It's hardly outlandish to say that nutrition is critical to building and maintaining muscle, but it’s true. Anecdotally, and from what I’ve learnt from others, I’d suggest that first and foremost a high protein intake (for me 250+ grams per day) is necessary to build or maintain muscle. If you are trying to add size then this should be coupled with a slight caloric surplus; if you are trying to lose body fat you’d need to couple with a caloric deficit. I used a diet-recording app on my phone for a year or so to make sure I was eating slightly more calories than I was burning (caloric surplus), and also to track my protein intake, though now I do it more by estimation. In a typical day, I begin with a smoothie with lots of simple carbohydrates from fruit as well as protein powder and leafy greens. Lunch tends to be a lean meat with salad, plus or minus a carbohydrate source depending on training loads. Dinner is similar, though I tend to avoid carbohydrates altogether. I have snacks throughout the day also, which can include protein shakes.
Lions Q: There are kids, teenagers and adults all looking at your physique as inspiration. What advice would you give to them?
Firstly thank you, I’m humbled by your comment. Secondly, though far from an expert, I would suggest a few simple things which might help. Nutrition is critical, as I discussed previously. Also necessary for increased size or strength is adherence to the principle of progressive overload, which basically just means that you increase the weight (or reps at the same weight) you can lift for a particular exercise over time. Because of the importance of this principle, I like to limit the exercises I do largely to fundamental lifts, so that I can track progress of these key lifts over time and force myself to deal with increasing weight. Lastly, but probably most importantly, is discipline. It is an underrated element of the achievement of any strength or aesthetic goals, but if you aren’t completely committed to a long-term and consistent approach then you’re wasting your time; building strength and muscle is a slow process.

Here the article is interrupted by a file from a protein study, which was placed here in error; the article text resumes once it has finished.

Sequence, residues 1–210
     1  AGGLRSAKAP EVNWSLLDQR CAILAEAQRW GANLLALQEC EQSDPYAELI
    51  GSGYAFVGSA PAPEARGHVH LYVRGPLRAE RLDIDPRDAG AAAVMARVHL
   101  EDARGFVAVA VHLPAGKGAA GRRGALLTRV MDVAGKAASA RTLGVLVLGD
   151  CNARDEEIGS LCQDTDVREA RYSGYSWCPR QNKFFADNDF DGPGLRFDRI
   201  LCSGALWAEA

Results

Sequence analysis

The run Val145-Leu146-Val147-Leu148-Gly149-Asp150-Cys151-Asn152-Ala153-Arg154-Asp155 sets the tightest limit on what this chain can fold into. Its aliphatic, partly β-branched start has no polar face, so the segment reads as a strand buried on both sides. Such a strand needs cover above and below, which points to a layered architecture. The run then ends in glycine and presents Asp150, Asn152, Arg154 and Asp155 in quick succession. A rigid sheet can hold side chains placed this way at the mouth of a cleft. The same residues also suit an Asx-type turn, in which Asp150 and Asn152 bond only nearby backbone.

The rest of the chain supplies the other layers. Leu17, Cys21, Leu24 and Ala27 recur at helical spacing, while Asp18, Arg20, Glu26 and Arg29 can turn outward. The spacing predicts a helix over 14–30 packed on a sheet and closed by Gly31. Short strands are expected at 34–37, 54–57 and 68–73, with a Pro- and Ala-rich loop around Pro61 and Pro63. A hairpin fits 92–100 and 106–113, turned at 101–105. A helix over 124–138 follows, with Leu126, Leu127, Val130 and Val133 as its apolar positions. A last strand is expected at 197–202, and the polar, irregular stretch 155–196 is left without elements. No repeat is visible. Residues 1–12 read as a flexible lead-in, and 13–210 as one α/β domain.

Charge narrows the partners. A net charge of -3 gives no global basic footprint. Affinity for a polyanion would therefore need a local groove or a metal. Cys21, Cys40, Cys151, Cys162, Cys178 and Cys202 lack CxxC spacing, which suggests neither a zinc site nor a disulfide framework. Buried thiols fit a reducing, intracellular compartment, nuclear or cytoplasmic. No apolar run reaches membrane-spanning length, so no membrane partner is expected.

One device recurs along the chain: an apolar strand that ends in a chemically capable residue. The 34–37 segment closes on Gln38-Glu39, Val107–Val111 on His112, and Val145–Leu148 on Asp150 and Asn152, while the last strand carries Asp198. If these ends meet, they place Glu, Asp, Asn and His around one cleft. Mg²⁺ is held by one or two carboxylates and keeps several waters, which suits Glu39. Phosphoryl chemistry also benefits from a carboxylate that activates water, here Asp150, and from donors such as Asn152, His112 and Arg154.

Fan Q: How do you keep your muscle size throughout the year with all the running? Are you eating 6-7 meals per day?